A bit of history
Most people probably think of cocoa as cocoa powder. After all, next to chocolate, I would say the second most famous cocoa product.
Its production started in 1828, when the Dutch chocolate manufacturer Casparus van Houten patented a vertical cocoa powder press. The van Houten family continued in the chocolate industry and, in fact, still appears on the market, albeit as part of a larger corporation. However, van Houten’s pressing method is the way of making cocoa powder to this day.
When we start with cocoa beans, they are roasted, peeled and crushed, so thoroughly that they become a mushy mass. More precisely – cocoa mass. It is still half made up of a cocoa butter, so just grinding the beans does not create a powder. Here comes van Houten’s method – pressing. The cocoa mass is compressed to obtain two separately usable products – cocoa butter flows out on the sides of the press and the cocoa powder remains in the press. Thus, huge pressed cakes (pictured) are taken out of the press, but they are further crushed into a fine powder. As cocoa butter is the most valuable thing in cocoa, this step makes cocoa powder a very cheap commodity.
Dutch and Natural
Is that all? Not quite. Van Houten was also a chemist, figuring out how to make the powder dissolve better in water and fat. He added alkali salts – alkalizants – to it (or rather to the uncompressed cocoa mass), which impart this property to the cocoa powder. It is actually baking soda, ie. sodium bicarbonate – a harmless compound. The cocoa powder also darkens with these alkalizants.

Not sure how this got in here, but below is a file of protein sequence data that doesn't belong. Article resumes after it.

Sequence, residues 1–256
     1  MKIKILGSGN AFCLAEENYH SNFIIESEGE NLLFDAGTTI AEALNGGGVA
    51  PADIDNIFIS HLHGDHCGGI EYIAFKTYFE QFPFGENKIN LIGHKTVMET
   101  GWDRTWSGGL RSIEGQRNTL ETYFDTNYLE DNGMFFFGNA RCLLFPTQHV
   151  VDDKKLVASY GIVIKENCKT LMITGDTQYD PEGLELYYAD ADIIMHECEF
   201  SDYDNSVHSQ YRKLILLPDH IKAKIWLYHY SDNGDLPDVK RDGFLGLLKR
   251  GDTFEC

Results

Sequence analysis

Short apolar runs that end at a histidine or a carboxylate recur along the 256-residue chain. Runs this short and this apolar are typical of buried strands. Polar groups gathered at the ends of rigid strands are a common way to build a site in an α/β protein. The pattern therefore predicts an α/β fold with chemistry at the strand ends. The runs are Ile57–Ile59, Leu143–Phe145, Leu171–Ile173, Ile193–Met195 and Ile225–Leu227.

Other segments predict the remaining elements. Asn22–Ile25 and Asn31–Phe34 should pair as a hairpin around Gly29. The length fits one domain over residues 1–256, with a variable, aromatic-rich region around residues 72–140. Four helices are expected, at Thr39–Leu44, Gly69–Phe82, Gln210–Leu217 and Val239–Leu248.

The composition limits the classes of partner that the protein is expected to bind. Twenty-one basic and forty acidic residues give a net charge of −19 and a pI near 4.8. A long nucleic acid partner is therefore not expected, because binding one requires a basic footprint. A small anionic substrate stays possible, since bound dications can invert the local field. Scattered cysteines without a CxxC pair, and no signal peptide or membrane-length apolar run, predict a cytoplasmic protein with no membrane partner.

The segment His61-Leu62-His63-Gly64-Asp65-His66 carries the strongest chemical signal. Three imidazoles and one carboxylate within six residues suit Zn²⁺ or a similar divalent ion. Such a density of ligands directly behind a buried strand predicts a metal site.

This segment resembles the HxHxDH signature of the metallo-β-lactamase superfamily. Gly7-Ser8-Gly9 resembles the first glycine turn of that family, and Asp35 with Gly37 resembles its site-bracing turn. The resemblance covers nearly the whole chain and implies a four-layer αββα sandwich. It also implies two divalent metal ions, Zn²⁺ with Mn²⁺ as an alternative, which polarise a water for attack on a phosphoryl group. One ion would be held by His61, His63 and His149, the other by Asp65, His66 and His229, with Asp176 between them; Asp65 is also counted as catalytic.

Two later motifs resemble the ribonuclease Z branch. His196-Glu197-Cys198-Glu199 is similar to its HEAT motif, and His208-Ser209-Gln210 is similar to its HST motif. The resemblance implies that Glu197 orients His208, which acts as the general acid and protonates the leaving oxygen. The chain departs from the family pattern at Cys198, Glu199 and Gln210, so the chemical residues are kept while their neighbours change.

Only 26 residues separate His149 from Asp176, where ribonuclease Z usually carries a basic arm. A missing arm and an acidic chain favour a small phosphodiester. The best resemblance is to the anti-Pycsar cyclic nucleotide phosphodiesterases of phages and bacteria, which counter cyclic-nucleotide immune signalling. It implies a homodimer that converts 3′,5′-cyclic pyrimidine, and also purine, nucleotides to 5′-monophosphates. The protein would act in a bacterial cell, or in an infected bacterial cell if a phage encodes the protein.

This process is called Dutch process and cocoa powder then Dutch cocoa powder. Opposite it is Natural cocoa powder, to which alkalizers are not added. As a result, it is also lighter, which makes it quite familiar with Dutch cocoa.
There is another quantity that is monitored for cocoa powder, and that is the content of cocoa butter that remains in the powder after pressing. It is usually 11%, but we can also find cocoa powder with a content of 23% cocoa butter. This is then tastier, but at the same time, of course, a little less dietary and, thanks to the higher proportion of butter, usually more expensive.
The most common and basically the only one available in supermarkets is Dutch cocoa, which contains 11% cocoa butter. It’s logical – it’s cheaper to buy (the less butter, the cheaper) and dissolves better in water or milk. However, it is a pity, I would like to choose between this classic and the natural variant without additional white powder, ie. baking soda. And when it comes to worse dissolution, that’s the least of a problem, just use hot water. I deal with this in an article devoted to the preparation of a cocoa drink.